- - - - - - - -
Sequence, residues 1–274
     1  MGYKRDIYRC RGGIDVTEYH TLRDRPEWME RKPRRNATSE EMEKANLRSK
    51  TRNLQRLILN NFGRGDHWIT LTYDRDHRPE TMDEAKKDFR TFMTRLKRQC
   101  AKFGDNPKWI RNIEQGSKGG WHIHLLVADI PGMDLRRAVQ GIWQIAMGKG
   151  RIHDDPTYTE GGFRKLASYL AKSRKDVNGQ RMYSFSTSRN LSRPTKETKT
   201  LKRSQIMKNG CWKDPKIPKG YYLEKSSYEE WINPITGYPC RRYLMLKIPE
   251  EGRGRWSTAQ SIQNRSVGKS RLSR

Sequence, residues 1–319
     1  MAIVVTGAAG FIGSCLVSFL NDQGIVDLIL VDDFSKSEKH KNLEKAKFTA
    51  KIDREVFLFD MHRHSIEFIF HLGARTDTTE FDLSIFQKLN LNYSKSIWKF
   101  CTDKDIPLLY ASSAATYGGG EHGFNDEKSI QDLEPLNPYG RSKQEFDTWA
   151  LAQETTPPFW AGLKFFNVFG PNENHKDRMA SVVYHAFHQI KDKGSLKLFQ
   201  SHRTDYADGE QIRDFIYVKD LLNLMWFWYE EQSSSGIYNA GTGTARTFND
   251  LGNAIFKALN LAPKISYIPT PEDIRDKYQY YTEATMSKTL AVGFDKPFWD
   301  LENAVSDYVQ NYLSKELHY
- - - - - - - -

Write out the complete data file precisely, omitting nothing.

Sequence, residues 1–274
     1  MGYKRDIYRC RGGIDVTEYH TLRDRPEWME RKPRRNATSE EMEKANLRSK
    51  TRNLQRLILN NFGRGDHWIT LTYDRDHRPE TMDEAKKDFR TFMTRLKRQC
   101  AKFGDNPKWI RNIEQGSKGG WHIHLLVADI PGMDLRRAVQ GIWQIAMGKG
   151  RIHDDPTYTE GGFRKLASYL AKSRKDVNGQ RMYSFSTSRN LSRPTKETKT
   201  LKRSQIMKNG CWKDPKIPKG YYLEKSSYEE WINPITGYPC RRYLMLKIPE
   251  EGRGRWSTAQ SIQNRSVGKS RLSR

Sequence, residues 1–319
     1  MAIVVTGAAG FIGSCLVSFL NDQGIVDLIL VDDFSKSEKH KNLEKAKFTA
    51  KIDREVFLFD MHRHSIEFIF HLGARTDTTE FDLSIFQKLN LNYSKSIWKF
   101  CTDKDIPLLY ASSAATYGGG EHGFNDEKSI QDLEPLNPYG RSKQEFDTWA
   151  LAQETTPPFW AGLKFFNVFG PNENHKDRMA SVVYHAFHQI KDKGSLKLFQ
   201  SHRTDYADGE QIRDFIYVKD LLNLMWFWYE EQSSSGIYNA GTGTARTFND
   251  LGNAIFKALN LAPKISYIPT PEDIRDKYQY YTEATMSKTL AVGFDKPFWD
   301  LENAVSDYVQ NYLSKELHY